Sensory ataxia is both a symptom and a sign in neurology. It is a form of ataxia (loss of coordination) caused not by cerebellar dysfunction but by loss of sensory input into the control of movement.
Sensory ataxia is distinguished from cerebellar ataxia by the presence of near-normal coordination when the movement in question is visually observed by the patient, but marked worsening of coordination when the eyes are closed.
Sensory ataxia also lacks the associated features of cerebellar ataxia such as pendular tendon reflexes, scanning dysarthria, nystagmus and broken pursuit eye movements.
Patients with sensory ataxia often demonstrate pseudoathetosis and Romberg's sign. They usually complain of loss of balance in the dark, typically when closing their eyes in the shower or removing clothing over the head.
The term sensory ataxia is employed to indicate ataxia due to loss of proprioception - the loss of sensitivity to the positions of joint and body parts. This is generally caused by dysfunction of the dorsal columns of the spinal cord, because they carry proprioceptive information up to the brain. In some cases, the cause of sensory ataxia may instead be dysfunction of the various parts of the brain which receive positional information, including the cerebellum, thalamus, and parietal lobes.
Sensory ataxia presents itself with an unsteady "stomping" gait with heavy heel strikes, as well as a postural instability that is usually worsened when the lack of proprioceptive input cannot be compensated for by visual input, such as in poorly lit environments.
Physicians can find evidence of sensory ataxia during physical examination by having the patient stand with his/her feet together and eyes shut. In affected patients, this will cause the instability to worsen markedly, producing wide oscillations and possibly a fall. This is called a positive Romberg's test. Worsening of the finger-pointing test with the eyes closed is another feature of sensory ataxia. Also, when the patient is standing with arms and hands extended toward the physician, if the eyes are closed, the patient's finger will tend to "fall down" and then be restored to the horizontal extended position by sudden muscular contractions (the "ataxic hand").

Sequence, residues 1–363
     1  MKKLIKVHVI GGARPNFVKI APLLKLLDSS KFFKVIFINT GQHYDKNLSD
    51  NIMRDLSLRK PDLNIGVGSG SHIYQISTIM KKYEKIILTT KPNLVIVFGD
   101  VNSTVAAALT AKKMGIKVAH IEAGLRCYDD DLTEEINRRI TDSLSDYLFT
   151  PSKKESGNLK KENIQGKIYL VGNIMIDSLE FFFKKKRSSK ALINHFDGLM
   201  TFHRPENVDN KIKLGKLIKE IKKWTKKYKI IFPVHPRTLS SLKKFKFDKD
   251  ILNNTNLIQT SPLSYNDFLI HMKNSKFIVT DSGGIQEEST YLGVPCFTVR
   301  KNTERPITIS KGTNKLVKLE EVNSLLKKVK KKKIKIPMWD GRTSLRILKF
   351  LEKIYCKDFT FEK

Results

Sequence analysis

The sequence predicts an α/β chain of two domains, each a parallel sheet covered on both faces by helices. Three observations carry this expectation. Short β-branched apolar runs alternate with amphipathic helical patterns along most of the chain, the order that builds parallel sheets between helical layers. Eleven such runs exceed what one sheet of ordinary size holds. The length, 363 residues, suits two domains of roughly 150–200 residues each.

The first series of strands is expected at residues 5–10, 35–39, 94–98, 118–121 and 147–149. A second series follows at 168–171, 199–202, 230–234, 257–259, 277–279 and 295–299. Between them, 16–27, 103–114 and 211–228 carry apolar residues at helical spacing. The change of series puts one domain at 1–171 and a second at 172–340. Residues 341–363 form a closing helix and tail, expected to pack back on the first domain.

CausesSensory ataxia is present in sensory peripheral neuropathies and conditions causing dysfunction of the dorsal columns of the spinal cord such as tabes dorsalis. The cause can also be genetic
The functional defect results from an impaired perception of the location of the body part combined with relatively preserved strength in the member. Clinical findings include defective joint position and vibration sense in the leg and sometimes the arms, unstable stance with Romberg's sign, and a gait of slapping or steppage quality. Some examples of diseases that cause sensory ataxia are shown in the table below.
|Diabetes||Acute transverse myelitis|
|Diphtheria||Tumor or Cord compression|
There is a lot of others diseases that can cause disorders of gait and equilibrium, such as spastic ataxia, frontal lobe disorders, hemiparesis and retropulsion. Nevertheless, their anatomical and physiological basis are very distinct, sometimes poorly understood, and are beyond the scope of this review.
Symptoms of Sensory ataxiaThe list of signs and symptoms mentioned in various sources for Sensory ataxia includes the 4 symptoms listed below : -
- Balance problems - especially in the dark or with eyes closed
- Romberg's sign
- Abnormal writhing movements - usually of the fingers
- Loss of proprioception
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